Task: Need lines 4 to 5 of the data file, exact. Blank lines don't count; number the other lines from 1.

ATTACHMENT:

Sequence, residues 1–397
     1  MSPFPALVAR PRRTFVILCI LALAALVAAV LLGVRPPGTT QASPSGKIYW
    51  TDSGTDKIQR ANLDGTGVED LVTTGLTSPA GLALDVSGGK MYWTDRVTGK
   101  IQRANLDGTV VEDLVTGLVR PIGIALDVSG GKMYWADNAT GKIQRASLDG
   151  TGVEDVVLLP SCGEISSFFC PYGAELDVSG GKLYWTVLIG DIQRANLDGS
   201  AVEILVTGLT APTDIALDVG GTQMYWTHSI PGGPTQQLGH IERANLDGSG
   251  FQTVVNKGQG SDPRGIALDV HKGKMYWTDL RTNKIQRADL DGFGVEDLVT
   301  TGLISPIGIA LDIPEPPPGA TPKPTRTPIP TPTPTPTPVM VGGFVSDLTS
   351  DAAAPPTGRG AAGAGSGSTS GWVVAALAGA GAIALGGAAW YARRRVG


   101  IQRANLDGTV VEDLVTGLVR PIGIALDVSG GKMYWADNAT GKIQRASLDG
   151  TGVEDVVLLP SCGEISSFFC PYGAELDVSG GKLYWTVLIG DIQRANLDGS